Relational Responsibility


Book Description

Relational Responsibility replaces traditional ideas on individual responsibility by giving centre stage to the relational process thereby replacing alienation with meaningful dialogue.




Being Relational


Book Description

At the heart of relational theory lies the idea that the human self is fundamentally constituted in terms of its relations to others. For relational theorists, the self not only lives in relationship with and to others, but also owes its very existence to such relationships. In this groundbreaking collection, leading relational theorists explore core moral and metaphysical concepts, while health law and policy scholars respond by analyzing how such considerations might apply to more practical areas of concern. Innovative and self-reflexive, Being Relational brings a powerful theoretical framework to health law and policy studies. In so doing, it makes a bold contribution to scholarship and will appeal to a broad range of thinkers, especially those with an interest in social justice, and who seek to understand the complex ways in which power is created and sustained relationally.




Beyond the Tyranny of Testing


Book Description

Measurement-based assessment has dominated our educational systems at the expense of the learning and the well-being of students and teachers. In this book, Gergen and Gill propose a radical alternative to this broken system, which is based instead on an inspirational conception of schools as sites of collective meaning-making and a relational orientation to evaluation. The authors acknowledge that it is within the process of relating that the world comes to be meaningful for us, and equally, learning and well-being are embedded in relational process, which testing and grades undermine. Providing detailed illustrations using cases from pioneering schools around the globe at both the primary and secondary level, this book demonstrates how a relational orientation to evaluation in education can enhance learning processes, foster students' engagement and vitality relationships, and elevate the evaluation of teaching and the school as a whole. Featuring collaborative learning, dialogic pedagogy, and flexible curricula, relational evaluation truly speaks to the demands of a rapidly changing world.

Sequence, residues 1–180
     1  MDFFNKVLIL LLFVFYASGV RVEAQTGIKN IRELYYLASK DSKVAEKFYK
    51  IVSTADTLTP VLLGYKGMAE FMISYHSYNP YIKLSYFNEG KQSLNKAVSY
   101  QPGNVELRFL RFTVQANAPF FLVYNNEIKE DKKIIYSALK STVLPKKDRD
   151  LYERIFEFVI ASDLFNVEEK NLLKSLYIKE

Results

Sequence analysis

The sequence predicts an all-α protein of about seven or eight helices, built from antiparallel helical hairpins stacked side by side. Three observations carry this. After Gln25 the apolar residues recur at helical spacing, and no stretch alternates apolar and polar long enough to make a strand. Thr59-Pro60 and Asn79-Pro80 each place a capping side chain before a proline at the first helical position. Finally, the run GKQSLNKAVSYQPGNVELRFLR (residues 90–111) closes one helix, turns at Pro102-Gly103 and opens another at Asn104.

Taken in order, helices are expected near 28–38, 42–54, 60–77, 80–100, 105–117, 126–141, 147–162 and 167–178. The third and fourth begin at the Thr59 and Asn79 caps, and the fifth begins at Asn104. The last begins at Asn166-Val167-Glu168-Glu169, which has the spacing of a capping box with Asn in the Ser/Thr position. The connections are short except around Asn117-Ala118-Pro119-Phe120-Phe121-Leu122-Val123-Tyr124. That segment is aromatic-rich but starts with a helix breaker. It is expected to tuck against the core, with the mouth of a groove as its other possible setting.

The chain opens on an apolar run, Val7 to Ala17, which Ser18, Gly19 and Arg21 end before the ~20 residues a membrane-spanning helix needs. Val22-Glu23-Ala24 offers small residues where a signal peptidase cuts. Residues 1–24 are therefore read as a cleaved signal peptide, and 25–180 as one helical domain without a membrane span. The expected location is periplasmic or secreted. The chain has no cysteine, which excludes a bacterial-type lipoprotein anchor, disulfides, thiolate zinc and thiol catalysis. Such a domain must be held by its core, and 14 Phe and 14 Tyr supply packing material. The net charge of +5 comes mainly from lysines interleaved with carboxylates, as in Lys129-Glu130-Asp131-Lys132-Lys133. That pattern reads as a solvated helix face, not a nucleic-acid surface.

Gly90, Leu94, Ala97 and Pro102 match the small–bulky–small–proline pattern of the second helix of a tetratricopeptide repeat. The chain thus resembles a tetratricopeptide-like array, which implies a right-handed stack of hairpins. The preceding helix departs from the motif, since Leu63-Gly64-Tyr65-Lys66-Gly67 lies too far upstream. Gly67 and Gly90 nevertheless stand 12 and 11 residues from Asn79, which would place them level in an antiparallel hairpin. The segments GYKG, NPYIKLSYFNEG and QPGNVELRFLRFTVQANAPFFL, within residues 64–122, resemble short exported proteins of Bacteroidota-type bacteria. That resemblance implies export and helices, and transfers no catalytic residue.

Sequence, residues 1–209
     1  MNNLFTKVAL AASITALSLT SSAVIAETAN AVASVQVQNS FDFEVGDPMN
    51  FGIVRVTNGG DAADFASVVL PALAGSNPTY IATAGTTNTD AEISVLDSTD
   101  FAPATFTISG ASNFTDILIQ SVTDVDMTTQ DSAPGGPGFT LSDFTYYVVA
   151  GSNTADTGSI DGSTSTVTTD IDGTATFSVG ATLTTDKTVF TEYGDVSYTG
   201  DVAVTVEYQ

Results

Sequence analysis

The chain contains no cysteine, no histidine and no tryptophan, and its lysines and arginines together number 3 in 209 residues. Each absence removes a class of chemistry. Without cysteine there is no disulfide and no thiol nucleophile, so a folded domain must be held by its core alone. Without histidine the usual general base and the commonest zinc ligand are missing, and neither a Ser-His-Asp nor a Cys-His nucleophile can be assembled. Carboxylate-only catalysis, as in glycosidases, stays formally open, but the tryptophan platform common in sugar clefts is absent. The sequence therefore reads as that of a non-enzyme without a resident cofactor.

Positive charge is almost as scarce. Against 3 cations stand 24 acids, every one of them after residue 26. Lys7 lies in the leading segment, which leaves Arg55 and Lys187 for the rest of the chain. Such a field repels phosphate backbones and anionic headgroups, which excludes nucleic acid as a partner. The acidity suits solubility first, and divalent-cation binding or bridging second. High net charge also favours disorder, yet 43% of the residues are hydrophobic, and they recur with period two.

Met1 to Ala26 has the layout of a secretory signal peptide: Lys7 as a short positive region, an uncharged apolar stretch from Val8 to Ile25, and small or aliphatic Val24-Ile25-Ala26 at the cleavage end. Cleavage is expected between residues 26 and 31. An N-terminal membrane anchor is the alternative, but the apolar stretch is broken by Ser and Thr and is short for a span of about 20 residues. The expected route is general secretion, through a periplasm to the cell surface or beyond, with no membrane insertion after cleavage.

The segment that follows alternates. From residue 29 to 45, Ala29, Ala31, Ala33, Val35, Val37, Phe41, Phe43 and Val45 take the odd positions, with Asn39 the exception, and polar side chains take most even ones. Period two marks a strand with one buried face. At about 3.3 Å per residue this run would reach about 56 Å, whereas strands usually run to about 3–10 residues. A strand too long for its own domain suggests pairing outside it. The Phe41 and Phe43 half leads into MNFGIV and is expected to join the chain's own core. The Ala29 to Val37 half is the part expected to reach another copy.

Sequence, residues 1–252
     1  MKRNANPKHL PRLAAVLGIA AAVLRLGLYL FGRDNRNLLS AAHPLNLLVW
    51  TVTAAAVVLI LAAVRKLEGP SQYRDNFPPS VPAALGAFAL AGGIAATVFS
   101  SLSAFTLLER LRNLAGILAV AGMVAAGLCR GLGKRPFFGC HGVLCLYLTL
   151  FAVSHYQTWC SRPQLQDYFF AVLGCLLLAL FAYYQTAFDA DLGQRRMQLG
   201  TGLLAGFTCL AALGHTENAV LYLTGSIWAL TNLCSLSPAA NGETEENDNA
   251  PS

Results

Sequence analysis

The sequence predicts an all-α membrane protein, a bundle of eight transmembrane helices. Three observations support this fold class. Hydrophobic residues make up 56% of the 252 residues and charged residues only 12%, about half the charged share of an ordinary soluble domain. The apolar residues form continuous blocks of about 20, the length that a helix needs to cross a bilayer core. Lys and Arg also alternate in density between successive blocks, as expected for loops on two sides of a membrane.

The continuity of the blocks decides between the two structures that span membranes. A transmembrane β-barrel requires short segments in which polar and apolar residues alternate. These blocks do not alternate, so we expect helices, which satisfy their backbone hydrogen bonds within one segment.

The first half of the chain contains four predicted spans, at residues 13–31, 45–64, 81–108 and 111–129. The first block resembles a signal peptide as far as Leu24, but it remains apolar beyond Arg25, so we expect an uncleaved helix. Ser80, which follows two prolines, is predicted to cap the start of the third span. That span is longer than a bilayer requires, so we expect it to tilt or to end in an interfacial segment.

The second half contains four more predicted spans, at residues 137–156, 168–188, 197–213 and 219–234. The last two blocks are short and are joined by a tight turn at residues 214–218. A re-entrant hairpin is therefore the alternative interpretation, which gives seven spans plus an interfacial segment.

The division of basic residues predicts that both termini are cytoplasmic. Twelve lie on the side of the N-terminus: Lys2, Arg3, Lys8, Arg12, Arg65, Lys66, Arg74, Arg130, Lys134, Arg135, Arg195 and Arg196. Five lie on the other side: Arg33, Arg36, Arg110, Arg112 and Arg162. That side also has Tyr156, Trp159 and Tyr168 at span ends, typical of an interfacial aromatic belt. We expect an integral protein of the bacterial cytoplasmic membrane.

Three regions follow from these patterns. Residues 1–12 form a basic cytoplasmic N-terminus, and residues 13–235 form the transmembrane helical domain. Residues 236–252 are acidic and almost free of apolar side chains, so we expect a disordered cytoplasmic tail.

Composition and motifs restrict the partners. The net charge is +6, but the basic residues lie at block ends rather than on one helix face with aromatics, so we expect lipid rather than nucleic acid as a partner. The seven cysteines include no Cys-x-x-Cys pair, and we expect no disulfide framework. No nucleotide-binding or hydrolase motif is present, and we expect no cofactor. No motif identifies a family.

Relational Judaism


Book Description

Noted educator and community revitalization pioneer Dr. Ron Wolfson presents practical strategies and case studies to guide Jewish leaders in turning institutions into engaging communities that connect members to Judaism in meaningful and lasting ways.




The Relational Imperative: Resources for a World on Edge


Book Description

We enter an era of the unknown - global conditions move with unprecedented speed, unpredictably, disruptively, and uncontrollably. Conflict is unceasing and increasingly polarized. Global warming and the spread of deadly diseases are a threat to all. How are we to go on? One thing is clear: in these perilous conditions working together is imperative. As Gergen advances in this clear and compelling work, successful collaboration requires a radical transformation in our understanding of relationships. So long as we cling to the view that relationships are made up of separate entities - persons, communities, organizations or nations - our survival will be threatened. Rather, as Gergen proposes, we must reverse our understanding: it is out of the process of relating that emerge what we take to be the entities and their character. Care for the entities must be replaced by care for the process. This brief introduction to a relational perspective is bountifully illustrated with innovative practices - in education, healthcare, organizational development, peace building and more. All function to enhance well-being through relational process.




The Relational Soul


Book Description